to direct and control the conduct of the alleged servant at the time
the negligent act occurred. Gibbs, 283 N.E.2d at 594-95.
Our research does reveal that the intent or belief of the parties may
be an important factor but only to the extent that it indicates an
assumption of control by one party and submission to control by the other
party. See Restatement (Second) of Agency § 220(2) cmt. m. This
is so apparently because of the subjective nature of an inquiry concerning the
parties intent. On the other hand, a determination concerning control is more objective.
Among other things, it suggests a certain economic interdependency and implicates the employers
right to establish work boundaries, set working hours, assign duties, and create job
We conclude therefore that although not dispositive, the right to control
the manner and means by which the work is to be accomplished is
the single most important factor in determining the existence of an employer-employee relationship.
We next address who bears the burden of proof in this case.
The lack of subject matter jurisdiction may be raised as an affirmative defense
either in the answer to the complaint or in a motion to dismiss.
See Ind.Trial Rule 8(C); T.R. 12(B)(1). As a general proposition, the
party challenging subject matter jurisdiction carries the burden of establishing that jurisdiction does
not exist. Methodist Hosp. of Ind., Inc. v. Ray, 551 N.E.2d 463,
467 (Ind. Ct. App. 1990), opinion adopted by 558 N.E.2d 829 (Ind. 1990).
Because there is a strong public policy favoring the coverage of employees
under the Act, a number of decisions have declared that once an employer
raises the issue of the exclusivity of the Act, the burden automatically shifts
to the employee.
See footnote However, as Judge Kirsch explains, this public policy is
not advanced where its effect immunize[s] third-party tort feasors and their liability insurers
from liability for negligence which results in serious injuries to one who is
not in their employ.
Nowicki, 711 N.E.2d at 544 (Kirsch, J., dissenting).
We agree. Indeed this Court has never endorsed the proposition that
an employee automatically bears the burden of proof on the question of jurisdiction
when the issue is raised in the context of a workers compensation claim.
Rather, we have held:
[W]hen the plaintiffs own complaint recites facts demonstrating the employment relationship and its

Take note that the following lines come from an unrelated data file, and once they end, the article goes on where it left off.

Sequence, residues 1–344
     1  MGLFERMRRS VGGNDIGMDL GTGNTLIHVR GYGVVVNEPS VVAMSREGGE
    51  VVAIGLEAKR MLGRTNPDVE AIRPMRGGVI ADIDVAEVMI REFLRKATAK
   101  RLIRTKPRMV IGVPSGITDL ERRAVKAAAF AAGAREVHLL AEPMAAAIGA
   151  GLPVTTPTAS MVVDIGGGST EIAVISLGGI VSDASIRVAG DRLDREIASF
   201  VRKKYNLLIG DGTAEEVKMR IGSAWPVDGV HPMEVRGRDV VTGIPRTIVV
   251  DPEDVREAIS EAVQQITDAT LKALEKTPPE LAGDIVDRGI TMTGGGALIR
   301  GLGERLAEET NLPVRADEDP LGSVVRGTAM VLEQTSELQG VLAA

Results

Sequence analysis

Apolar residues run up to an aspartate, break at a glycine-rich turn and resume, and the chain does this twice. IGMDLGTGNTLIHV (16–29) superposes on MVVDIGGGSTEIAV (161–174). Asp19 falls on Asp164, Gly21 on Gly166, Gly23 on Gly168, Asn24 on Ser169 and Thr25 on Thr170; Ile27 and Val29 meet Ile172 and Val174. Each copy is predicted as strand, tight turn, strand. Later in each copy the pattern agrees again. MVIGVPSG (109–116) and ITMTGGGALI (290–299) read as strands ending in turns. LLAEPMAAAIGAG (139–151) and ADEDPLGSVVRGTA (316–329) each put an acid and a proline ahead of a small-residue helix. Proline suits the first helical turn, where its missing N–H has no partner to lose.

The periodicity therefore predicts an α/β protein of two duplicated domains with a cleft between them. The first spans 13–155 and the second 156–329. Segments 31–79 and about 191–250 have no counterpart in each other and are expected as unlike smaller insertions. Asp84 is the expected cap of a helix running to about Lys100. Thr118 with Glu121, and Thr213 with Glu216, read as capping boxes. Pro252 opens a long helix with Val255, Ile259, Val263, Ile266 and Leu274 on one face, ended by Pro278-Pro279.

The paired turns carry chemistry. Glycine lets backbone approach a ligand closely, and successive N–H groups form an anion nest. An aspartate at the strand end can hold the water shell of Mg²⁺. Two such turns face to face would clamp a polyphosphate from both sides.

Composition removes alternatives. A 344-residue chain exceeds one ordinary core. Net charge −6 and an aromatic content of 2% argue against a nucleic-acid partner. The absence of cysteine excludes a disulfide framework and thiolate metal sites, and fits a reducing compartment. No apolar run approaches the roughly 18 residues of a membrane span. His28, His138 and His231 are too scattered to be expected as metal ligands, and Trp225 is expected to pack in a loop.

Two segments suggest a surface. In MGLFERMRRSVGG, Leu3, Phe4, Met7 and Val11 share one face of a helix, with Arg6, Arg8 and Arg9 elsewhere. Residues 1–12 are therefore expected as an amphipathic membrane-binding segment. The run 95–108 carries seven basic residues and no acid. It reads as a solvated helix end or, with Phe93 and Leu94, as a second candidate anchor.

role in the injuries alleged, the burden shifts to the plaintiff to demonstrate
some grounds for taking the claim outside the Workers Compensation Act.
Perry v. Stiter Buick GMC, Inc., 637 N.E.2d 1282, 1286 (Ind. 1994).
Hence, when challenging the trial courts jurisdiction, the employer bears the burden of
proving that the employees claim falls within the scope of the Act unless
the employees complaint demonstrates the existence of an employment relationship. Only where
the employees complaint demonstrates the existence of an employment relationship does the burden
then shift to the employee to show some ground for taking the case
outside of the Act. Id. Thus, we disapprove of the language
in those cases declaring that once an employer raises the issue of the
exclusivity of the Act, the burden automatically shifts to the employee. See
supra note 4.
In this case Magness complaint does not recite facts demonstrating the existence of
an employment relationship between Magness and GKN. In fact, as one might
anticipate, in an effort to show that the Act did not apply, the
complaint specifically alleges that Magness was an employee of Starnes Trucking. As
to facts showing the existence of a dual employment relationship, at most the
complaint was ambiguous on this point. R. at 15-16.
Accordingly, as the party challenging the trial courts jurisdiction, GKN had the burden
to establish lack of subject matter jurisdiction.
We turn now to an examination of the Hale factors to determine whether
GKN carried its burden of establishing that Magness claim lay within the jurisdiction
of the Act. Stated differently, we examine whether GKN established that the
trial court lacked jurisdiction to adjudicate Magness claim.
1. Right to Discharge
Thomas Beaty, the GKN supervisor at the batch plant, testified by way of
deposition that if a driver was not performing his duties properly, he would
give [the driver] three warnings. Supp. R. at 50. After giving